The inmates and guards of a modern, clean and efficient maximum security wing are slowly and increasingly brutalised until they erupt in violence. Dark and macabre, and based in truth, the story is told in a traditional dramatic style combined with telephone interviews and narration. Written by
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The title says it all. When a person is convicted of a crime, he or she becomes, at least temporarily (and, in certain situations and locations, permanently) dead to civil society. The men we see here are mere shadows.
_Ghosts of the Civil Dead_ is as topical now as it was when first released as a study in the ways that fear of crime may be exploited to justify oppression. Only in two or three scenes is overt violence shown, yet the movie manages to maintain a sense of menace for the full duration. As repression within the prison becomes increasingly harsh and the few remnants of civilian life that the prisoners have retained are stripped away, it becomes increasingly obvious that there can be no resolution.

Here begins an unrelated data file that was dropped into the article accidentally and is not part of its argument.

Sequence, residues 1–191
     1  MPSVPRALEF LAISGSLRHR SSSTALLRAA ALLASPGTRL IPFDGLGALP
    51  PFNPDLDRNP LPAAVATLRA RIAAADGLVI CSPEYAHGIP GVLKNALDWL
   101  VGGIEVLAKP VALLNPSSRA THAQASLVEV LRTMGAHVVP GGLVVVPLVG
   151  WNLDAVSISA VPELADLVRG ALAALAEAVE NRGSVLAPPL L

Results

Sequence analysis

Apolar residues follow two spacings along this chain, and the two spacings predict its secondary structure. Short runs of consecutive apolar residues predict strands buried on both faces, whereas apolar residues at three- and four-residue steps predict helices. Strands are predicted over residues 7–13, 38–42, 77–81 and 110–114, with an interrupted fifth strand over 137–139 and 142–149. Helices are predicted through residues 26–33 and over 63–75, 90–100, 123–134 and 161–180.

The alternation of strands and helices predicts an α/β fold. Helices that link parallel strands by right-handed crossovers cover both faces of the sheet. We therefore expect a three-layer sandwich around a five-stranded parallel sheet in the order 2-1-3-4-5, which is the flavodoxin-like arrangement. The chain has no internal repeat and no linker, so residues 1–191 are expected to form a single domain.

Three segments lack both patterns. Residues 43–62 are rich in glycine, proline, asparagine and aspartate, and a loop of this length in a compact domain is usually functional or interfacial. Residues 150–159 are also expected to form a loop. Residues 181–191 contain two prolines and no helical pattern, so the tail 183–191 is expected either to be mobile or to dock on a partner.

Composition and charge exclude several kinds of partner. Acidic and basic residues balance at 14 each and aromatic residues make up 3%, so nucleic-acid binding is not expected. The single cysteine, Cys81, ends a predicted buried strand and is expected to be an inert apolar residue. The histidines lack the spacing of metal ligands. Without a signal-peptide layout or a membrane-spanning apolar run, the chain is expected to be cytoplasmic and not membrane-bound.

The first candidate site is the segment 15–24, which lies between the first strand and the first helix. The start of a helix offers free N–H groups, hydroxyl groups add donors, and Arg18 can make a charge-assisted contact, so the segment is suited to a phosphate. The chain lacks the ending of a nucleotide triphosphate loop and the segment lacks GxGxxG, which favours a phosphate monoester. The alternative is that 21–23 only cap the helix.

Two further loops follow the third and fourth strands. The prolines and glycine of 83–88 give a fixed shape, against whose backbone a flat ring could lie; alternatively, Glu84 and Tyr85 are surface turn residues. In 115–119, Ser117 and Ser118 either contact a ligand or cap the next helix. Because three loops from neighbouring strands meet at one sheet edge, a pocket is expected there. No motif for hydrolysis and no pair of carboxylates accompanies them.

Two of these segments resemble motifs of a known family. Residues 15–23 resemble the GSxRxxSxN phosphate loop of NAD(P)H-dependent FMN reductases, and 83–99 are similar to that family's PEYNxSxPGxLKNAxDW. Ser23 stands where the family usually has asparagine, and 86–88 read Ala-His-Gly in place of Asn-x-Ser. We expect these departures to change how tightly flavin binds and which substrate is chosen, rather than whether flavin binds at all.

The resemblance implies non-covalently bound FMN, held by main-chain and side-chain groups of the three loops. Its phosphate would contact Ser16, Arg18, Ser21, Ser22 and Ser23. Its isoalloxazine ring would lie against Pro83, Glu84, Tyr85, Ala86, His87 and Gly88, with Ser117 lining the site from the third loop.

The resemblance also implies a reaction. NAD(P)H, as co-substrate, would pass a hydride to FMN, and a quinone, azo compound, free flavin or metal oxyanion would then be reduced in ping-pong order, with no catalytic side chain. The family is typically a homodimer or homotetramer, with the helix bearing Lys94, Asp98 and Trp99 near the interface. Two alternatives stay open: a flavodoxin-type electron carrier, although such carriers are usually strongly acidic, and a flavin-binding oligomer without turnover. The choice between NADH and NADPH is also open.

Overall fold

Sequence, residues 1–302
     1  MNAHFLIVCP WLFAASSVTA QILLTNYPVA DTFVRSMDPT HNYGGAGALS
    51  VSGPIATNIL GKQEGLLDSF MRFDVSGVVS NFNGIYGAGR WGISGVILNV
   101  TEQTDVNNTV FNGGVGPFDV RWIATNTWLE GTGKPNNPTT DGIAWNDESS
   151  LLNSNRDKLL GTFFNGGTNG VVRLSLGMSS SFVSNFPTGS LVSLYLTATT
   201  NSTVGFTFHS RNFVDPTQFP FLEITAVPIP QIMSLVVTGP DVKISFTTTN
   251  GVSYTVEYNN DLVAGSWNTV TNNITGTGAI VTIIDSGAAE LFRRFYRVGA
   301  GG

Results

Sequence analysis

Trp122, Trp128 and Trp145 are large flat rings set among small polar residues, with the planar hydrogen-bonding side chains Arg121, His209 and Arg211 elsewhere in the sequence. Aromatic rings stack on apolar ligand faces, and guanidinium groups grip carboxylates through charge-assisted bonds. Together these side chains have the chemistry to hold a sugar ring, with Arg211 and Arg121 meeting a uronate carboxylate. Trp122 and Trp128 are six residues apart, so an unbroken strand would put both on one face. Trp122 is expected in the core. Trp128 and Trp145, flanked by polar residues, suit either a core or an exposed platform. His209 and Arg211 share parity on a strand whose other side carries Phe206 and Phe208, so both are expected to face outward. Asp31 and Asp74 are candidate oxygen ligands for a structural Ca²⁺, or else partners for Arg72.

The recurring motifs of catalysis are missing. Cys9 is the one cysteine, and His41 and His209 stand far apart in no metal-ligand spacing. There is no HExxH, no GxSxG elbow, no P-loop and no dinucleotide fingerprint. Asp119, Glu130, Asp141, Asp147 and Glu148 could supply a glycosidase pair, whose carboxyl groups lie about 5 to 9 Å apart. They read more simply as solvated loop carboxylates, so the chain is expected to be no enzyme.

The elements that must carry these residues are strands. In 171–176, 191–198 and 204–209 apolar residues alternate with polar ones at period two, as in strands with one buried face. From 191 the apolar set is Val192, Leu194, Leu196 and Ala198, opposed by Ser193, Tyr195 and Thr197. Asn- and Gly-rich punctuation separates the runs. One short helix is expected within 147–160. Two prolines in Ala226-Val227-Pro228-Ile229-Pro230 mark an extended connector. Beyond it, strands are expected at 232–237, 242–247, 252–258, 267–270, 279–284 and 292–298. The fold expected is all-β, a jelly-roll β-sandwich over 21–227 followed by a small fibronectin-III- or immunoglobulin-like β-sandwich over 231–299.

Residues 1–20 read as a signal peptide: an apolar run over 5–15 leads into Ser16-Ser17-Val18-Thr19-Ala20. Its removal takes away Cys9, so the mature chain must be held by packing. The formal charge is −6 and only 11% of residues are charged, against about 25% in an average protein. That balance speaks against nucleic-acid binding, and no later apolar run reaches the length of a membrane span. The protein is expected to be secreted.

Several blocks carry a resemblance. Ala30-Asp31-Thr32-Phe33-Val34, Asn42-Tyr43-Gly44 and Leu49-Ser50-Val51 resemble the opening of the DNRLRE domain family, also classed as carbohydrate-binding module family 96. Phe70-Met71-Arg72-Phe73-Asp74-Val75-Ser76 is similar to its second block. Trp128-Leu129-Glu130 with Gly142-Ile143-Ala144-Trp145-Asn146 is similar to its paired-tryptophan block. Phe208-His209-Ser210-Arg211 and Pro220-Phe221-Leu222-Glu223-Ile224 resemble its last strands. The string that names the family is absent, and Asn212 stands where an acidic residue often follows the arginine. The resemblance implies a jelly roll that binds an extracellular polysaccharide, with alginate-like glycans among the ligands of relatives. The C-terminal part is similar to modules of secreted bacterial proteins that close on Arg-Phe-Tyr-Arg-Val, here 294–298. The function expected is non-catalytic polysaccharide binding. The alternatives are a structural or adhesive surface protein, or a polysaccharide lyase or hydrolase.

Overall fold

In the current climate of law and order rhetoric, _Ghosts of the Civil Dead_ remains a powerful reminder as to where this rhetoric may lead.
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